Thursday, June 7, 2012

Afghan artillery fires first operational rounds in paktika

PAKTIKA PROVINCE, Afghanistan --- Afghan National Army field artillery lit the night sky for the first time ever in eastern Paktika province last week, as a newly emplaced howitzer battery became tactically operational.
Part of the expanding arsenal of Afghan National Security Forces in eastern Afghanistan, this 122mm D30 battery based at Forward Operation Base Orgun-E fired a training illumination mission to mark their arrival on the front lines.
“We can do a lot with these guns,” said Afghan Army Capt. Daswood Shah, speaking of the capabilities this battery brings to Paktika. “We can support our patrols ourselves, we can support our checkpoints. This is an important capability.”
Shah is the commander and he swells with pride as he talks about the new battery he commands.
“I am proud to be an Afghan National Army commander,” said Shah. “My men and I are very proud to be able to support our infantry in combat.”
The pride Shah and his men feel is well deserved. Just one short year ago, none of them had ever worked with a howitzer, not even Shah, he said.
Training in Gardez for the last several months, the battery learned the fundamentals of field artillery employment and certified for tactical operations in late March, Shah said.
After certification, they began moving to their new home in eastern Paktika Province near the border of Pakistan as the next step toward full combat capability.
“This is the second step,” said U.S. Army Capt. Sean Grubofski, commander of Battery A, 1st Battalion, 77th Field Artillery Regiment, 172nd Infantry Brigade. “The first step was occupying a joint firing point here in Orgun-E and maintaining that firing point.”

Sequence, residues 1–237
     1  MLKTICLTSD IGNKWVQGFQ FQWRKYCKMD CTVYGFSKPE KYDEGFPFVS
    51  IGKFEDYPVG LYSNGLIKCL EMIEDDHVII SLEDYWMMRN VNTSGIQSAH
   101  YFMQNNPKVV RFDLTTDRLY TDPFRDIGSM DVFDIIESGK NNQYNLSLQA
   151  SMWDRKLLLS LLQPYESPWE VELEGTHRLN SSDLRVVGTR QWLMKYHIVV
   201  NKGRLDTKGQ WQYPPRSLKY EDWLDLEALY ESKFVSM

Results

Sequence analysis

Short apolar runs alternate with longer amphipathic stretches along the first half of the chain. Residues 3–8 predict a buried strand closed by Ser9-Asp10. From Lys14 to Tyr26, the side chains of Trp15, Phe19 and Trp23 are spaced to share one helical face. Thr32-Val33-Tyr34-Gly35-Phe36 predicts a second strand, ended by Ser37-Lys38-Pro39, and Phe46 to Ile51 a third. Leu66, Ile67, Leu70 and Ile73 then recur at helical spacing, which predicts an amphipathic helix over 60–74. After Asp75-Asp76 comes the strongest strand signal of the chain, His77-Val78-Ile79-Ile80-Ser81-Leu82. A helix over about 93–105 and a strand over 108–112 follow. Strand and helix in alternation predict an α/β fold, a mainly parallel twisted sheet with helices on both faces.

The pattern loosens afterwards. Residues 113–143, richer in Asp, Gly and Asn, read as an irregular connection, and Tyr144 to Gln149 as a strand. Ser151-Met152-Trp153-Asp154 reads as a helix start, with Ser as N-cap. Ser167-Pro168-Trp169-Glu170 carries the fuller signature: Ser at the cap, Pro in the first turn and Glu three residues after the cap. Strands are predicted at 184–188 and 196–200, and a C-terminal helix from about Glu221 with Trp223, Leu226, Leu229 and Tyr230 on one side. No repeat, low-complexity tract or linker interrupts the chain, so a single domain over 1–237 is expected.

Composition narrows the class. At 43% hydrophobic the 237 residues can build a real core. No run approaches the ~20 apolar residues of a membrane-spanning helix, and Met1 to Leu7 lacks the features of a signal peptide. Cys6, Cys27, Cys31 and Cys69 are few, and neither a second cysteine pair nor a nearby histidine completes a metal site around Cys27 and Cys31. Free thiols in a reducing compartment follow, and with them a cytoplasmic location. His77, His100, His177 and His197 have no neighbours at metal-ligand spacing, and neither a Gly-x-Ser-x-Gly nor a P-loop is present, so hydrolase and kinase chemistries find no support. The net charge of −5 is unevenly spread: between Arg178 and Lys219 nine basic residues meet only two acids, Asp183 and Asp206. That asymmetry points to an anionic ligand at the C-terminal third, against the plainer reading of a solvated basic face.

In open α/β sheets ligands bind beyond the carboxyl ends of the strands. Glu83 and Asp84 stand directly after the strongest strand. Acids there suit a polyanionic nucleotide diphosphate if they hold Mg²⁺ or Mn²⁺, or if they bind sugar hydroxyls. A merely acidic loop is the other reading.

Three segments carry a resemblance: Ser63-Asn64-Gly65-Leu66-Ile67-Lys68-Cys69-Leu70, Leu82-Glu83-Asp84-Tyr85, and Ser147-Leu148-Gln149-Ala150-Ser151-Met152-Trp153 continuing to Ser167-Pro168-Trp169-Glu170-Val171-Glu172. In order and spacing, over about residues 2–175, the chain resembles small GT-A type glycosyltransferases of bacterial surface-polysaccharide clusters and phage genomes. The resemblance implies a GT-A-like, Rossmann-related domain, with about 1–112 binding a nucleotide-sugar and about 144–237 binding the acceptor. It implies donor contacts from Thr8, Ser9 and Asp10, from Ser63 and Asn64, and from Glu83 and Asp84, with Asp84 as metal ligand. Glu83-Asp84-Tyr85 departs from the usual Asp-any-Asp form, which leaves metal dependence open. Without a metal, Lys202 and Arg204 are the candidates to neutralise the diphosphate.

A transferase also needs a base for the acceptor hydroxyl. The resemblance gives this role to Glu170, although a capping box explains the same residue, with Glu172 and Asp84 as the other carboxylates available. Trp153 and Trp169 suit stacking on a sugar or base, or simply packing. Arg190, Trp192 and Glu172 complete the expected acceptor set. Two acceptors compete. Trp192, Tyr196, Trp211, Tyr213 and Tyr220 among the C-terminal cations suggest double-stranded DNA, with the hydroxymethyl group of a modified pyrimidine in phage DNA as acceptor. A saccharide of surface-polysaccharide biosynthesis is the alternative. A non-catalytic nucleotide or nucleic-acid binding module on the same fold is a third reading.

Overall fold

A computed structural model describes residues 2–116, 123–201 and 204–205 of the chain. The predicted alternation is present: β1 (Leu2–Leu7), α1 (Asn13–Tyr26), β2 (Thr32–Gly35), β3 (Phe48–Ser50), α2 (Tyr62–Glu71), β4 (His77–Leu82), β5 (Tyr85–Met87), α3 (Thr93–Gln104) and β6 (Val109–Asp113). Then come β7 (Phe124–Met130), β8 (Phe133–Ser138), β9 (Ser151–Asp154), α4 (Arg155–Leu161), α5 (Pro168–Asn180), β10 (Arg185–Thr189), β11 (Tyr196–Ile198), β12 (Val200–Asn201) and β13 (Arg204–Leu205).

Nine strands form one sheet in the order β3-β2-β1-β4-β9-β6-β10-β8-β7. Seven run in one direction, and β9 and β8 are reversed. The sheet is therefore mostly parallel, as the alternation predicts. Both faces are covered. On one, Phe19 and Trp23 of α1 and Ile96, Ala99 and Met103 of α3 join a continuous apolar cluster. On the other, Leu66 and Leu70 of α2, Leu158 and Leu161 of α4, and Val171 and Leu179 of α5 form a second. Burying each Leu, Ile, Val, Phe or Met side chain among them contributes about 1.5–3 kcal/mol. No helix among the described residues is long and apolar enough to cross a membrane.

Grubofski’s soldiers are serving as advisers for the fledgling Afghan battery, he said.
They train together daily, both on the guns and in their fire direction centers, which occupy adjacent sides of the same room.
“The next step is tactically employing fires as an enabler for maneuver operations,” said Grubofski.
The night illumination mission served as an important milestone for the Afghan gunners, said Grubofski.
“It’s a confidence builder, not only for the battery, but for the Kandak as well,” he said. “It displays both their accuracy and their high level of technical proficiency.”
The biggest hurdle left to overcome, the advisers agreed, is the speed at which the Afghan soldiers calculate the fire missions and deliver rounds on their targets. All of this will come as they gain more experience, Grubofski said.
Grubofski said that given the level of skill displayed by the Afghan battery, independent ANSF fire support could be a reality in the next nine months.
“Currently they are effective with advisers,” said Grubofski. “Over the next nine-month period they will become effective in a partnered capacity. The final step is unilateral operations.”
Shah said he sees his role, and the role of his battery, as an important step towards peace in Afghanistan.
“I will be the proudest when we are done with the war,” Shah said. “We have been fighting for three decades. My dream is the day we will no longer have to fight and can begin to rebuild our country.”

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